Fortunately for everyone involved, especially me, the New Mexico PED announcement of school grades (replacing the, I’m guessing, deservedly vilified AYP reports of NLCB ghosts past) was made while I was cycling around Northern Europe.
I can report that I did not miss them.
Since returning, I have had a chance to not only take a gander at who got what letter grade, but to also check out the “technical assistance for educators” on how grades were calculated found via the PED website in “Module One” and “Module Two.”
A more elaborate attempt to put very pretty lipstick on a very ugly pig could not be found anywhere.
In years past, I’ve made extremely inadequate efforts to fully (and I mean “fully” to a mind numbing degree of boredom) explain what I understood from the AYP numbers and calculation. I will spare all of us any such “depth” from now on. I will say that those in charge of gathering, crunching and disseminating scores and news about standardized testing have gotten much, much more sophisticated in doing their jobs.
This is not to say, however, that the entire standardized testing system isn’t a bunch of bullshit. It is. Really.
For a variety of reasons, and I would put issue complexity in there somewhere rather high up, 99% of the news/debate about standardized testing in New Mexico centers on how much weight to put on testing and whether teachers should be evaluated professionally via test scores.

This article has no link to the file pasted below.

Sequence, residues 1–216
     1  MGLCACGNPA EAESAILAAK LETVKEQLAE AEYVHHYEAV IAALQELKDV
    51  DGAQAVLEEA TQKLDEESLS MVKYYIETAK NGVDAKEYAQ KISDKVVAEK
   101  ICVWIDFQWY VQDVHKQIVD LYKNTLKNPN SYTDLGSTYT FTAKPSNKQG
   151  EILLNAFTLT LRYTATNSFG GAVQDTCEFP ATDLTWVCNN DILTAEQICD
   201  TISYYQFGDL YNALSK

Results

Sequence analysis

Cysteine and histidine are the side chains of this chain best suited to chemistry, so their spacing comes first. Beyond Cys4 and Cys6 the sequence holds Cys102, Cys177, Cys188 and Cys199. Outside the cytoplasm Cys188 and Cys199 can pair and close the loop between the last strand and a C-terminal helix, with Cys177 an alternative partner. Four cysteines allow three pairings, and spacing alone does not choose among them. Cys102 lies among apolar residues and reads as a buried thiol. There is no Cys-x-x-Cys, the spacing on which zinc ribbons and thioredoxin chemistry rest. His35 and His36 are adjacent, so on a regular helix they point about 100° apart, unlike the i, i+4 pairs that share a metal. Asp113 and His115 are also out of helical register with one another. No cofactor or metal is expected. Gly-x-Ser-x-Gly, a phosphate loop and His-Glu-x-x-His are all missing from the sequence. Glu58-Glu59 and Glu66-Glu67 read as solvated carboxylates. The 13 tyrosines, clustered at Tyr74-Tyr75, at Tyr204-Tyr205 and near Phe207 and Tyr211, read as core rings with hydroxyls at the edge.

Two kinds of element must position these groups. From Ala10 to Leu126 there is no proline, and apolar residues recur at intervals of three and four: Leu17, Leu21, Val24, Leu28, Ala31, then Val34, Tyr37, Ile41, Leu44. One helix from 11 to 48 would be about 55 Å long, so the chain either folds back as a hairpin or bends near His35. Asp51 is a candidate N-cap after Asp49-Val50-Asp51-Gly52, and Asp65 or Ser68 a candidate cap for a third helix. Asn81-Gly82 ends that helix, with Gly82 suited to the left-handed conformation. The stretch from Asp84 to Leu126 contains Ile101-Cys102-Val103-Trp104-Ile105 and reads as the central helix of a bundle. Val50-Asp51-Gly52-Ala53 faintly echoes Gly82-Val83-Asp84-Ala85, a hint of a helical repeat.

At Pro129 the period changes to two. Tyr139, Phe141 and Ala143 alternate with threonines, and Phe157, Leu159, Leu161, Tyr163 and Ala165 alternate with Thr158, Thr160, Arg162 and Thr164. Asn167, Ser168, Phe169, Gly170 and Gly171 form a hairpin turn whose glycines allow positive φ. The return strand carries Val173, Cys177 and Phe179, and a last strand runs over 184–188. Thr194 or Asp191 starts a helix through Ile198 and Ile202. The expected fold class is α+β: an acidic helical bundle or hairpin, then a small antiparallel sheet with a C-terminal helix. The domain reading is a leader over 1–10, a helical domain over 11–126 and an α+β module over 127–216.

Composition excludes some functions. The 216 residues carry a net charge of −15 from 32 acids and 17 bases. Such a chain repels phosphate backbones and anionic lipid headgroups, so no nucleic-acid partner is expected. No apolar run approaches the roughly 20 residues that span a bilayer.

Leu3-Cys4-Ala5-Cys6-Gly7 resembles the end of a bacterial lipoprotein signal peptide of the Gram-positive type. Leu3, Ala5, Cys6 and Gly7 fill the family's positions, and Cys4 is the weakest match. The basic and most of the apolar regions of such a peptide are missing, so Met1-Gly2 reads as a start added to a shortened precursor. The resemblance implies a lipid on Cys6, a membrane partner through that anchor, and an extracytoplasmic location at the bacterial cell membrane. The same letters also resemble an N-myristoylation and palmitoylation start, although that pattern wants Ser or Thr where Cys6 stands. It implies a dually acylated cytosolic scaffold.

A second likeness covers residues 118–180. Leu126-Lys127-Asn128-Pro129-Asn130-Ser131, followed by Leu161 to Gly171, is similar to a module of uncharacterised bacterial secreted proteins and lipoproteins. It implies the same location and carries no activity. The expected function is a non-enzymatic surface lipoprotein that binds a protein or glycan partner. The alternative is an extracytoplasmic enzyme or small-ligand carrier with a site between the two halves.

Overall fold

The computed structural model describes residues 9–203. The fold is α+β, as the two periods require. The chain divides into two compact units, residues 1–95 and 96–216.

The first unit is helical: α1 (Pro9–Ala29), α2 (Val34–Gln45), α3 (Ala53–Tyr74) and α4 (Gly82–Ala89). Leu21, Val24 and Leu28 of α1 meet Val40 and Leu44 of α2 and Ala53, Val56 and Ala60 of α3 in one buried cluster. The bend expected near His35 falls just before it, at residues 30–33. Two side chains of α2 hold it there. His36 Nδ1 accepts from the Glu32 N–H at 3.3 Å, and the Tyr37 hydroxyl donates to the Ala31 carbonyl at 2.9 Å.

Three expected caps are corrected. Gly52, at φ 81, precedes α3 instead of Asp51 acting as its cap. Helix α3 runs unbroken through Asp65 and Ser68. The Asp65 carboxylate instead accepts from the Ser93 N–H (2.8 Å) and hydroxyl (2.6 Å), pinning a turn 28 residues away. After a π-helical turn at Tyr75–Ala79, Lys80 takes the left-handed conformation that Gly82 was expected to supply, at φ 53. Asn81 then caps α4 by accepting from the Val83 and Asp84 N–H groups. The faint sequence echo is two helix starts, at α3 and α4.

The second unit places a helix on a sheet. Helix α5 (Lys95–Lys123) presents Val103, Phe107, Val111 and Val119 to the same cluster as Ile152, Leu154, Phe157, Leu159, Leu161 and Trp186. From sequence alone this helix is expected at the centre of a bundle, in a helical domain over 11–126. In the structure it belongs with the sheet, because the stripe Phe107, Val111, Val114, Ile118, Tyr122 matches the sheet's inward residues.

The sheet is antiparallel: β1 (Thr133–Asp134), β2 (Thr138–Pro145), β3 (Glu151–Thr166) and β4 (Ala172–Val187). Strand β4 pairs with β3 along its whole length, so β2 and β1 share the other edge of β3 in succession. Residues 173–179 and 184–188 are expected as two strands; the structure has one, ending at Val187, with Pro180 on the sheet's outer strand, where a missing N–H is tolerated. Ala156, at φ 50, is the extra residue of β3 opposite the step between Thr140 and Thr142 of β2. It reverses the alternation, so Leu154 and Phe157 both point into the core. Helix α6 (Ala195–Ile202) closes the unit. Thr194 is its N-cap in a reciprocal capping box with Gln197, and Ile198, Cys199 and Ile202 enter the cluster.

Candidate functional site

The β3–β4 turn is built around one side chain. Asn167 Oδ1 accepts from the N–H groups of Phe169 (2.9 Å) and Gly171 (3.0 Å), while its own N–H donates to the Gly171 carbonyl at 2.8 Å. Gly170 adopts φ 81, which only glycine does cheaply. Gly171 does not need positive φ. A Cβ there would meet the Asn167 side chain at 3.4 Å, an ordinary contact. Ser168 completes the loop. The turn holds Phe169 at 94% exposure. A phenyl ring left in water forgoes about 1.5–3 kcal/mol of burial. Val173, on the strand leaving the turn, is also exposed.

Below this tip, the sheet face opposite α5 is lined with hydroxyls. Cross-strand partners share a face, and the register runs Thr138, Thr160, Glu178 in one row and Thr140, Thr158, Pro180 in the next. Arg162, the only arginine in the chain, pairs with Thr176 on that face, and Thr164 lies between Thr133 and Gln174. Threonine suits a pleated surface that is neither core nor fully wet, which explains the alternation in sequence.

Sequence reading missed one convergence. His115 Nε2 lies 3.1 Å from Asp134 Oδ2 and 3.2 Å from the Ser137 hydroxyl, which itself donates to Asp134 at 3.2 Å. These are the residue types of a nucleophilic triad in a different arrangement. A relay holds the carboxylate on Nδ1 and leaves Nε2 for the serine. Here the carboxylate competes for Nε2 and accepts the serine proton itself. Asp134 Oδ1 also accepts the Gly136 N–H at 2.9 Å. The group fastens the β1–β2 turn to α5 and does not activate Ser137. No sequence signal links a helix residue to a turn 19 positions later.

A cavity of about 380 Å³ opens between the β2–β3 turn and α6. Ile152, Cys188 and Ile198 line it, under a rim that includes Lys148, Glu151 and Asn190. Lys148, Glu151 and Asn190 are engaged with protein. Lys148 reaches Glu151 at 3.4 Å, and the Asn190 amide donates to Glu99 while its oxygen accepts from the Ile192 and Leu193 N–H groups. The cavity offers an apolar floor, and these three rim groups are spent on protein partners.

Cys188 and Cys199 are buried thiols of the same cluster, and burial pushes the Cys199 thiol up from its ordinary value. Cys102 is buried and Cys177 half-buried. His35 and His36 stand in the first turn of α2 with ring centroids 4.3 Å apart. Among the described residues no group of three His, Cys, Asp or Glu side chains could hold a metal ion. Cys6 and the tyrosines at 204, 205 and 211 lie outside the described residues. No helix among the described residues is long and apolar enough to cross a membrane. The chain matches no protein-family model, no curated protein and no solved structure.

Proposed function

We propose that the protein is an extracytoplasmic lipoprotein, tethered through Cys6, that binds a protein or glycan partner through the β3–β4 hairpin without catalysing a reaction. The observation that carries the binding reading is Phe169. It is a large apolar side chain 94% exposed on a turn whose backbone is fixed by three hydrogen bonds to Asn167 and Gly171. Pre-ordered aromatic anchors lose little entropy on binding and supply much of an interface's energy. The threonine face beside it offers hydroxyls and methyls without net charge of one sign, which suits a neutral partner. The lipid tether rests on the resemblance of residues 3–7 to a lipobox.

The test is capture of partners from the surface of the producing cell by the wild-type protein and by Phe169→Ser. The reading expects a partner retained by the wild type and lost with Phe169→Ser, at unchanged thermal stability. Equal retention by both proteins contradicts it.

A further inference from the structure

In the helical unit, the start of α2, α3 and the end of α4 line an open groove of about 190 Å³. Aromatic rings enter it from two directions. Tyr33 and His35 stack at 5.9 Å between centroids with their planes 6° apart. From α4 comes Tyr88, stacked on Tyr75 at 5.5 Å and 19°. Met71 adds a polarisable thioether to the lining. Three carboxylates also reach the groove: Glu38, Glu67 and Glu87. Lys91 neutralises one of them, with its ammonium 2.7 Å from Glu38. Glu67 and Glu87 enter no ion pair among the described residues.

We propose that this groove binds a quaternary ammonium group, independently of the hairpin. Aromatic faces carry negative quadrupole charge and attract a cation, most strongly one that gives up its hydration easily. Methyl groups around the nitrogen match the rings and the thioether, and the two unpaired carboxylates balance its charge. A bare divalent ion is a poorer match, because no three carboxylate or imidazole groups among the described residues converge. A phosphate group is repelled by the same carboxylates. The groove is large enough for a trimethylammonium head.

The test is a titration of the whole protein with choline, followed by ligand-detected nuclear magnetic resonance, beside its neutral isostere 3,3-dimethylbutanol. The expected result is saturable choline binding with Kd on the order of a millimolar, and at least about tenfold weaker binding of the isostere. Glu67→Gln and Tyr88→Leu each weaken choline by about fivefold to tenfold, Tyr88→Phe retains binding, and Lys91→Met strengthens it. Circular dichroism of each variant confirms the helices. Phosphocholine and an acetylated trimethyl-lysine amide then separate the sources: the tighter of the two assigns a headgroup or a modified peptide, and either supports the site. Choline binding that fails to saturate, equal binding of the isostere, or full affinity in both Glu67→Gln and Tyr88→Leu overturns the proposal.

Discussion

My only little wrinkle to that debate is that we’re ultimately talking about a very, at this point, ornate, almost baroque level of statistical power devoted to test instruments which are deeply, deeply flawed. In cliche form…it’s a simple case of “garbage in, garbage out.”
Over the next few months, I’ll round up some specifics illustrating this, but do note one thing now. Nothing destroys test “fidelity” like talking about the actual questions on the test. You can’t do it. Kids and possibly schools in California are in some boiling hot metaphorical water for having taken pictures of test items and throwing them on Facebook.
Well isn’t that nice? We have an ever more important system here that cannot be concretely discussed for fear of losing “fidelity.” It’s like analyzing a baseball player’s power without knowing where the fences are in his home park. No, that’s not quite it. It’s like analyzing every baseball player’s power without taking a look at the ball they are hitting. What’s in the ball? Without really taking a look at the questions, to really consider what knowledge standardized testing seeks to uncover, we’re creating a “black box” that we’re choosing to hide at the bottom of the educational ocean.
Hard to figure out why the plane crashed that way, isn’t it?
More to come…murky as it might be.